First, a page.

Johnson-Davis will receive $1,000, and The Carolina Quarterly will consider “The Last Straw” for publication.
Final judge Bridgette A. Lacy selected “The Last Straw” from nine other finalists for the prize.
“‘The Last Straw’ is a moving story about a young girl choosing a formal education over the family business of farming,” Lacy said. “The stakes are high, taking her final senior exams or planting tobacco. This story feels so authentic and rooted in rural North Carolina, where low-wealth families are often forced to make that choice. The heartfelt dialogue between the father and daughter really resonated with me.”
Johnson-Davis was born to a sharecropping family in Leasburg, and graduated from Bennett College. Her work has been performed at the Matthews Playhouse, Queens University of Charlotte, and the Warehouse Performing Arts Center in Cornelius. She is a member of both the Charlotte Writers’ Club and NCWN.
Lacy also selected “Redemption Song,” by Greensboro’s Carolyn Tucker, for Honorable Mention.
“This story reflects North Carolina’s stormy landscape on two levels: damaging hurricanes and the mass incarceration of black men. Both issues have the capacity to devastate the lives of people of eastern North Carolina and beyond,” Lacy said. “This author captures a moment of grace as a family tries to save each other. The wife heads to church to wait out a storm, while her incarcerated husband and son persuade the prison warden to release them so they can defend and protect the local community.”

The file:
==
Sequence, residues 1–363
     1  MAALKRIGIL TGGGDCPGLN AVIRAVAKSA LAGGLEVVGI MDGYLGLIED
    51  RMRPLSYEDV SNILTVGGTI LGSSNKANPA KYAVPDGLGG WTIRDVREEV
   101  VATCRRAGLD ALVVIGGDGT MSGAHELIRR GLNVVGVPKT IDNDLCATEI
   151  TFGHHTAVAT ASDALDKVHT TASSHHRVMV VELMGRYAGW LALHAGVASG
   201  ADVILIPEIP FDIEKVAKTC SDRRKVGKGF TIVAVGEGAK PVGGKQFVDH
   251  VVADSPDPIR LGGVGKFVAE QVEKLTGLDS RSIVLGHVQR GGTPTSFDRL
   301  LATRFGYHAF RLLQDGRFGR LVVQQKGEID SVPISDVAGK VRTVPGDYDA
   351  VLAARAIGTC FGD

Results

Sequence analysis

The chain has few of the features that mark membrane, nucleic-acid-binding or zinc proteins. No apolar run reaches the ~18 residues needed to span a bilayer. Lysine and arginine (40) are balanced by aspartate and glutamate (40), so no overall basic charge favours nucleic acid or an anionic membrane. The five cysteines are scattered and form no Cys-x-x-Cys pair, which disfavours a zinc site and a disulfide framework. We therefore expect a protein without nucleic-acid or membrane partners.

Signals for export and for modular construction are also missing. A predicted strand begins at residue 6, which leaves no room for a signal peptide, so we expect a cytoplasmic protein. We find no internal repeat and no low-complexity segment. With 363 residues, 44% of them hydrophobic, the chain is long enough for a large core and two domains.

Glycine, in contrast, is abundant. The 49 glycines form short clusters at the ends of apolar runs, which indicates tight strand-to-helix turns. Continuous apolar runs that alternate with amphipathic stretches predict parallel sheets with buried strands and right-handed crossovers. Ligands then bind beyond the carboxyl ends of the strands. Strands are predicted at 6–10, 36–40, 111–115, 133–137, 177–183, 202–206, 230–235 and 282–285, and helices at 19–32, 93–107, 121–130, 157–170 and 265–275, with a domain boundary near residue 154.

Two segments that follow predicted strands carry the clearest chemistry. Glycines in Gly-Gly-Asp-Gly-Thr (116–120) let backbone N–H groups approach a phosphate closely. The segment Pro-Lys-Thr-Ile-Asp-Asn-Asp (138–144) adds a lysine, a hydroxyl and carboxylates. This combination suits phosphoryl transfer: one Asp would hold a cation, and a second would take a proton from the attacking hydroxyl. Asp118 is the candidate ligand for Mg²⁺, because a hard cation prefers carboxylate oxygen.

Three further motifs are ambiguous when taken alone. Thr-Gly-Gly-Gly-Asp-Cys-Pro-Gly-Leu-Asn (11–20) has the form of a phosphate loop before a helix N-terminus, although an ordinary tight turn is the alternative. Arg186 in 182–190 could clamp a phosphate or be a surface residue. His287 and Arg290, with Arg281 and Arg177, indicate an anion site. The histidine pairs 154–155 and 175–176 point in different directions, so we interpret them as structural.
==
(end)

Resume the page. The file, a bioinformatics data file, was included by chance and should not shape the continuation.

Tucker studied Computer Science and worked for more than thirty years in information technology. A 2013 layoff freed her to follow her passion for the written word. Her short story “Three Women Who Love” has been published in the anthology When She Loves.
The Jacobs/Jones contest, sponsored by the NCWN and administered by The Creative Writing Program at UNC-Chapel Hill, is open to any African-American writer whose primary residence is in North Carolina. Entries may be fiction or creative nonfiction, but must not have been published before (including on any website, blog, or social media), and must be no more than 3,000 words.
“This award was initiated by Cedric Brown, a Winston-Salem native and graduate of the University of North Carolina at Chapel Hill, to honor the best in short prose by African-American writers in North Carolina.